In the old days, Superman and other cartoon characters got “B” movie treatment in live action versions, which meant low budgets, poor special effects and sometimes amateurish acting. It took 1978’s “Superman: The Movie” to demonstrate that superior special effects and a list of A-list actors would serve the character well.

    At the same time, the actors who have portrayed Superman over the years haven’t always delivered particularly memorable performances. Beginning in 1948, a live version of Superman was featured in a pair of movie serials, starring Kirk Alyn in his first featured role. Alyn certainly looked the part, and he had a deep, rich speaking voice, but his didn’t display much in the way of acting chops. Despite turning down the role for the TV series, he still found himself typecast, and went on to a career consisting largely of bit parts and commercials.

    For many fans, the quintessential Superman was the late George Reeves, who became one of the most popular TV actors during the 1950s. In over 100 episodes, Reeves projected a dynamic personality and winning smile in both his Superman and Clark Kent personas. He may not have been the best actor on the planet, but his performance became the benchmark for the character.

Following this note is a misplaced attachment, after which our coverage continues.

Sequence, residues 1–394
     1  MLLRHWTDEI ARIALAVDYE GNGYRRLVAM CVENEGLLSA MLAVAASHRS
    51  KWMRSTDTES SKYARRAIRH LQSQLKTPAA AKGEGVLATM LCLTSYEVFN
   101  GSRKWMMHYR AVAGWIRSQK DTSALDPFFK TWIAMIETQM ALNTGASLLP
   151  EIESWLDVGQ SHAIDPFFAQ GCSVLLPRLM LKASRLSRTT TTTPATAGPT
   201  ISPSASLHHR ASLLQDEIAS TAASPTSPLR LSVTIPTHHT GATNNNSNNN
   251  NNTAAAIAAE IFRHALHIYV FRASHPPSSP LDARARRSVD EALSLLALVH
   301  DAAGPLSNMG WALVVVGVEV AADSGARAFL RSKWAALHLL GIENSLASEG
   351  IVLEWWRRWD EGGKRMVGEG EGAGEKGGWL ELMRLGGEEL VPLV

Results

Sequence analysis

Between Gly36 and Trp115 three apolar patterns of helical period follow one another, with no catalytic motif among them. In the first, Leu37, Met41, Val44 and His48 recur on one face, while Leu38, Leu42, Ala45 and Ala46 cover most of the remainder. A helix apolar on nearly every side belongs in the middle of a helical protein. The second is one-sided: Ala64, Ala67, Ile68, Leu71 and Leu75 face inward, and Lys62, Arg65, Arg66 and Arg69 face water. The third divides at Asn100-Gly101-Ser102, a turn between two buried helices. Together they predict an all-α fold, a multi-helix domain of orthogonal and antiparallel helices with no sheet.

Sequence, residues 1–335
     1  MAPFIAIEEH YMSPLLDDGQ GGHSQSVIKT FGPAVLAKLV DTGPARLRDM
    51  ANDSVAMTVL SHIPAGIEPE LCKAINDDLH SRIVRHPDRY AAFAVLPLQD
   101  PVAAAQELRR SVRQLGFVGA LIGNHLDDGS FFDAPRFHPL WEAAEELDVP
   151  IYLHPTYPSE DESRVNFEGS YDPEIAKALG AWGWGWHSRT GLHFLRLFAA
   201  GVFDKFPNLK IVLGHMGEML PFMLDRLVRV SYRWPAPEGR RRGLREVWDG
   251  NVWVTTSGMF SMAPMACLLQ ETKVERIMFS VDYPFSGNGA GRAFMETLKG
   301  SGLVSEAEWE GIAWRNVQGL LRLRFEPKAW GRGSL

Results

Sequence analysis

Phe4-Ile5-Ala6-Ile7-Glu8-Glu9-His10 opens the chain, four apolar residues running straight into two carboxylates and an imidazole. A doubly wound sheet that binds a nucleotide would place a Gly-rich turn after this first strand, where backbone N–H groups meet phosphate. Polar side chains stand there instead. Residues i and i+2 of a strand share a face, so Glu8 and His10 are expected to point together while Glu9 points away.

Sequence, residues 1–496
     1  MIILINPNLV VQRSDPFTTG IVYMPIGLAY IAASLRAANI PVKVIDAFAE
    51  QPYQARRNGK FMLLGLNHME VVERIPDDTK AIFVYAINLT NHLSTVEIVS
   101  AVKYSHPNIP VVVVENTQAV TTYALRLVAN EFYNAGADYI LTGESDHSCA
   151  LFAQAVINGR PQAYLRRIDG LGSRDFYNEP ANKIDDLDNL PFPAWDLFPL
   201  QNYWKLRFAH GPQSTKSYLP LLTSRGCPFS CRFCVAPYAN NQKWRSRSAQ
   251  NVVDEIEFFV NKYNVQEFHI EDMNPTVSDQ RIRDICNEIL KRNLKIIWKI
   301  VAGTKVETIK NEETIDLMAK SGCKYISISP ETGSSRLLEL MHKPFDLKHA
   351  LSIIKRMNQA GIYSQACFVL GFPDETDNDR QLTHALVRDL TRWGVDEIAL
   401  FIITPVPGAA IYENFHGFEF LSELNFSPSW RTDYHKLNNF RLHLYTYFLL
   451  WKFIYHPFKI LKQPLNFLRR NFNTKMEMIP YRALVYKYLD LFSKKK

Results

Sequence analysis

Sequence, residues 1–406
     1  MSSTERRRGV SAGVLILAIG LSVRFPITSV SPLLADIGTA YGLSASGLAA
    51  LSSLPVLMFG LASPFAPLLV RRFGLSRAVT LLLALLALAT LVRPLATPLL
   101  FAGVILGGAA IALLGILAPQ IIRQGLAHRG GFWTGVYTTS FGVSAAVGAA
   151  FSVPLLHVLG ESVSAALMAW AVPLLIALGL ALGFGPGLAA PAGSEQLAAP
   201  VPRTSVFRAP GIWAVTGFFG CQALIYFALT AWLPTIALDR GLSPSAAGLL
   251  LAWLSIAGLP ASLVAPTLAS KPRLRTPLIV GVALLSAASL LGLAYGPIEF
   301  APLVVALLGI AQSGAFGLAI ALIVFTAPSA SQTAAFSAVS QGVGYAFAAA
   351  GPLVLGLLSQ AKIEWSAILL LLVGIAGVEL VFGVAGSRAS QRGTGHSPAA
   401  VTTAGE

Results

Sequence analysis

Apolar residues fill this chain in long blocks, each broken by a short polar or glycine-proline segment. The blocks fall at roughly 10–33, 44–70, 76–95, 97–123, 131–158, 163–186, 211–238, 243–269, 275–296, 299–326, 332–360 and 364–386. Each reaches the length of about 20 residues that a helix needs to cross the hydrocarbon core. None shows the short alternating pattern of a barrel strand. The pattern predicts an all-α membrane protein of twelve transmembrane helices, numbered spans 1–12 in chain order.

Reeves became a part of the Hollywood mystique as a result of his death in 1959 from a gunshot wound that was said to be self-inflicted. Many felt that Reeves had succumbed to the “Superman Curse,” and found himself unable to get any other roles as he reached middle age. To this very day, some suggest that Reeves was actually murdered and can point to what they claim are serious lapses in the investigation of the case.

    In taking over the role of Superman for four films, Christopher Reeve (no relation to George Reeves) worked hard to portray Superman and his alter ego as having two totally different personalities. I was never comfortable watching him treat Kent as a nerdy goofball, although he tempered the excesses in the various sequels.

    The TV series “Lois & Clark: The New Adventures of Superman” starred Dean Cain as a sensitive 1990’s variation on the theme. It lasted four years, and some feel that having Lois and Superman marry in the final year put the nail in the coffin. The sexual tension between Cain and his co-star, Terry Hatcher, was gone, and the scripts seemed to lose their sparkle. I’ll be generous and say that Cain’s portrayal was, well, a little bland.

    For “Superman Returns,” the role has been inherited by Brandon Routh, whose career, up to now, has consisted of a stint on a soap opera and several TV guest spots. He seems a bit young for the role, at least based on the publicity pictures I’ve seen. How his performance be rated in comparison with the benchmark, which I consider to be George Reeves, will, however, be truly known on June 30, 2006.


    The Mac Night Owl Newsletter is a weekly information service of Making The Impossible, Inc.